What are your other ideas for addressing the housing shortage and how would you make those a Council priority?

There is a lot of infrastructure that needs to be improved so that those here presently can continue to remain here. Partnering better with property and land owners, thinking creatively, and changing the settings inhibiting housing growth is a good place to start.

Would you advocate for additional powers or resources from Central Government to address the housing crisis (such as the ability to freeze rents), if so what and how? 

  • Review of the Resource Management Act
  • Special purpose vehicle, say fir example in partnership with central government who has a larger balance sheet and can raise finances much more cheaply to relieve the burden on rate payers.

Meaningful enforcement of laws:

Renters United believes the council should be more proactive in supporting renters to enforce both the existing and new housing quality laws (i.e. the Healthy Homes Standards). This could include funding and undertaking inspections of private rental houses against the standards and/or funding advocacy services to support renters in enforcing their rights.

Would you support and fund Council proactively inspecting rental homes?

Yes, but this would be more effective by partnering with other government agencies.

Do you think that Council should play a greater role in enforcing the standards?

Yes, by partnering better with housing agencies and central government to do this in a coherent and well-resourced manner. As things are, it has to be a collective approach. Also, by utilising the powers it has to put pressure on property and land owners.

What other actions would you take to improve the quality of rental housing in Wellington?

Council needs to urgently work with property and land owners to work out how to build high density housing in our very constrained environment. As a young professional who chooses to live alone and live centrally, I pay a lot in rent and it only increases but the condition of the housing decreases, as it does with (has) with time and little upkeep. The already high and ever increasing cost of renting, I want to see more options for people in my situation. Attitudes about the type of housing we have need to change.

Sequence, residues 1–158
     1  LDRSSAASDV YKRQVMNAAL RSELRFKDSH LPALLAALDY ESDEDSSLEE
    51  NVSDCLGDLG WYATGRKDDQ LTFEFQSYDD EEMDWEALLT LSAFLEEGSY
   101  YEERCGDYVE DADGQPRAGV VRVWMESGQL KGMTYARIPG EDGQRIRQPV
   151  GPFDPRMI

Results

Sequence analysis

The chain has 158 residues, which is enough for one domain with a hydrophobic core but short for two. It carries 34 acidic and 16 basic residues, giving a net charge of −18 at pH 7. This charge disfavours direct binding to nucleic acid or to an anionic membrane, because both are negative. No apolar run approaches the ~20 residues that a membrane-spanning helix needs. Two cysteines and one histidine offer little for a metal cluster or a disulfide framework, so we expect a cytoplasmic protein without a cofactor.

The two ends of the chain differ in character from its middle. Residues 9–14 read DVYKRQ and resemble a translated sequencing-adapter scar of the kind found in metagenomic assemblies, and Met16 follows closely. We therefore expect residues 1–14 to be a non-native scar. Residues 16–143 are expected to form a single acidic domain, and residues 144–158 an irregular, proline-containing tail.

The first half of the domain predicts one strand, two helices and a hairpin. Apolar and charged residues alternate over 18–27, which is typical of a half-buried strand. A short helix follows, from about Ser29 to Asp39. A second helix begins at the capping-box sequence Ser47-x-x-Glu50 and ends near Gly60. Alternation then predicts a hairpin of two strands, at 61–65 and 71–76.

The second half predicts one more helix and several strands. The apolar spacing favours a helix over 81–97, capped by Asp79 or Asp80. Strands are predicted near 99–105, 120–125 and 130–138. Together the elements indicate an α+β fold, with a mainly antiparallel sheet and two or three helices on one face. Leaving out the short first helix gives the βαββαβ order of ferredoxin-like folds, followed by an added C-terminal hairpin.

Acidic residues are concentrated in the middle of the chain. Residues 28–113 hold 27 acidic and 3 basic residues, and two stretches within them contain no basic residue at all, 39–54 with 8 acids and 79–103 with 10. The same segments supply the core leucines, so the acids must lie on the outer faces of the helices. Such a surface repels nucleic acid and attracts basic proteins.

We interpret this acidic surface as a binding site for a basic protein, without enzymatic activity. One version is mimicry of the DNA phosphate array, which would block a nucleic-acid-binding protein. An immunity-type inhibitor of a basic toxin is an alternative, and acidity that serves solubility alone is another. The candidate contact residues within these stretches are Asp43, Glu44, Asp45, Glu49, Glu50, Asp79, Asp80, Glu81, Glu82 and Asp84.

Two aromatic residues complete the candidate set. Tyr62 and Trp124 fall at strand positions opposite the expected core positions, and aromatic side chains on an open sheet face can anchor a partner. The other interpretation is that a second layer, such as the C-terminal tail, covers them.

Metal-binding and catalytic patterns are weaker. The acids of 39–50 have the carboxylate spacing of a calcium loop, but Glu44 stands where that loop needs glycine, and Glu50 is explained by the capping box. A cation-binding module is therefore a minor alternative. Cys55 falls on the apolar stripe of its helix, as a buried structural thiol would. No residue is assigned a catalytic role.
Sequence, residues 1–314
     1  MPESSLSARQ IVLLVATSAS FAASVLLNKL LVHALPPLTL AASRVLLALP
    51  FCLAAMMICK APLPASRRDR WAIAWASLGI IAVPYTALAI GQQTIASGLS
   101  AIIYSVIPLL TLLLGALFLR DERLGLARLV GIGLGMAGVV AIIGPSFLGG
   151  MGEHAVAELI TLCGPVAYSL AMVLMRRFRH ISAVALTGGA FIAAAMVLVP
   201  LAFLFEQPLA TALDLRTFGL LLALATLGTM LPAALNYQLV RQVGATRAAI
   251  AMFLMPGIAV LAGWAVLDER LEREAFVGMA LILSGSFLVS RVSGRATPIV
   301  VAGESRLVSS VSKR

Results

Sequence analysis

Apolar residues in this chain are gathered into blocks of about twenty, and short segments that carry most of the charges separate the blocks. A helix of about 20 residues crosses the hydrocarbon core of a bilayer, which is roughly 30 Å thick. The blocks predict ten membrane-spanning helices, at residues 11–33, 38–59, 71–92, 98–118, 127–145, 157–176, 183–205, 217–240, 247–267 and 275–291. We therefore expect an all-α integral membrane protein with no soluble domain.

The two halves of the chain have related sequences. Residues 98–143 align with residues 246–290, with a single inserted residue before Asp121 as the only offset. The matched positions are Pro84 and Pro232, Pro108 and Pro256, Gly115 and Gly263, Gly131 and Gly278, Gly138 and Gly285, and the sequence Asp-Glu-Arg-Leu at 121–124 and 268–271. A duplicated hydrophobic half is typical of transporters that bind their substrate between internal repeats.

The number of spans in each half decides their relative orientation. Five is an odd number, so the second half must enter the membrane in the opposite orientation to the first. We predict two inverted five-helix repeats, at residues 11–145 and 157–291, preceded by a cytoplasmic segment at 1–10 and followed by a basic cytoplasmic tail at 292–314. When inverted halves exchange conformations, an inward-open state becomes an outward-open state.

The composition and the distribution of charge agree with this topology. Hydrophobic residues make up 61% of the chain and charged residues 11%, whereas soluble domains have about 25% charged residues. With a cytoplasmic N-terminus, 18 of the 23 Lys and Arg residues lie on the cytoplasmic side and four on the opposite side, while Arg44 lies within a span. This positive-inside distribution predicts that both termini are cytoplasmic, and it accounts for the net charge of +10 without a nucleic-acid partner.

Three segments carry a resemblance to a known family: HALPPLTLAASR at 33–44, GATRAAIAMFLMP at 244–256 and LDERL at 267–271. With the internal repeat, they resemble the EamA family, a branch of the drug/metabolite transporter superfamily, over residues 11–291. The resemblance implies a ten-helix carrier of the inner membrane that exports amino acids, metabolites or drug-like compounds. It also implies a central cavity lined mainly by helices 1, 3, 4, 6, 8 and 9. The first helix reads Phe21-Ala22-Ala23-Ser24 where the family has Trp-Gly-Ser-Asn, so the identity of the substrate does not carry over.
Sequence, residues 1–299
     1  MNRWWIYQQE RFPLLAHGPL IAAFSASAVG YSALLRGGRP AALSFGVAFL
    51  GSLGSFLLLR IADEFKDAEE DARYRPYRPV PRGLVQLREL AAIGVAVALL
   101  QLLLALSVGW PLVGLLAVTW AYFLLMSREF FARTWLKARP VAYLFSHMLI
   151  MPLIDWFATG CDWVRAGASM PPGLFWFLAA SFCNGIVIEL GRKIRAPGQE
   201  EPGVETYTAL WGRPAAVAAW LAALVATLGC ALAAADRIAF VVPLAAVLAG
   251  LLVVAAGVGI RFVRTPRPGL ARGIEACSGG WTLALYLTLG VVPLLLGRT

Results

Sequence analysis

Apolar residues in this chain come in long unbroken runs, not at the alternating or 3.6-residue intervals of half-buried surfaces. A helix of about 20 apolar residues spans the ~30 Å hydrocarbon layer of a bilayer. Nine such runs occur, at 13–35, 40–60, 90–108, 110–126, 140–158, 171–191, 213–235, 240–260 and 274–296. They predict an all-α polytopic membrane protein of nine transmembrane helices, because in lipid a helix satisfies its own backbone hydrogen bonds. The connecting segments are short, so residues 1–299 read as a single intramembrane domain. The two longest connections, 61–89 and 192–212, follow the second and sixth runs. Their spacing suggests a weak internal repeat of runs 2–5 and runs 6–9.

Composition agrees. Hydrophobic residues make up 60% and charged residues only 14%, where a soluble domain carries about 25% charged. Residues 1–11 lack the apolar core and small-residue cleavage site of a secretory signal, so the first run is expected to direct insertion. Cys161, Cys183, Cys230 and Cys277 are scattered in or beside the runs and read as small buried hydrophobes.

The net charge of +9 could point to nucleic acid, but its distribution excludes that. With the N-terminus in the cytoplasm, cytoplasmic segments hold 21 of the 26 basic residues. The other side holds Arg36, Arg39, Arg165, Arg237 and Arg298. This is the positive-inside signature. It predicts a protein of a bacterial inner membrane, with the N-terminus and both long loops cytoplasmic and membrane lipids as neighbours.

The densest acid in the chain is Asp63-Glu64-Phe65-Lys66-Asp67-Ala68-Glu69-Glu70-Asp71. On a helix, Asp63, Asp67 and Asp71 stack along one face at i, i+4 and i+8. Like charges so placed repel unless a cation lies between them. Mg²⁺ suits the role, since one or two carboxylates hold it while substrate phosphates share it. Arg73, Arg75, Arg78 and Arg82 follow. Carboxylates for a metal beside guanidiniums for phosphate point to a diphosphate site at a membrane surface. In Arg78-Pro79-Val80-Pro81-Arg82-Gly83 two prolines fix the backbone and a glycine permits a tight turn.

Would you fund a dedicated tenants’ advocacy service?

Specifically for the council? I would explore what that might look like and what funding might be available.

What else do you think Council should do to address power imbalance between landlords and tenants?

Leverage on its authority and powers to put pressure on property owners to meet rules and legislation and play their role in helping improve both the quality and supply of housing, especially in the city centre.

Do you have any other ideas or plans relevant to renters that you would like to share?

A lot of rentals are investments by owners that may or may not live locally. Owners pay property management companies to manage the properties, often with a lot of enforcement and restrictions for renters. Rents keep increasing and yet the quality of the housing and service isn’t equal. The owner interest in the wellbeing of the tenant is outweighed by the return they get on their investment. Council need to work on this as well. A balance needs to be struck.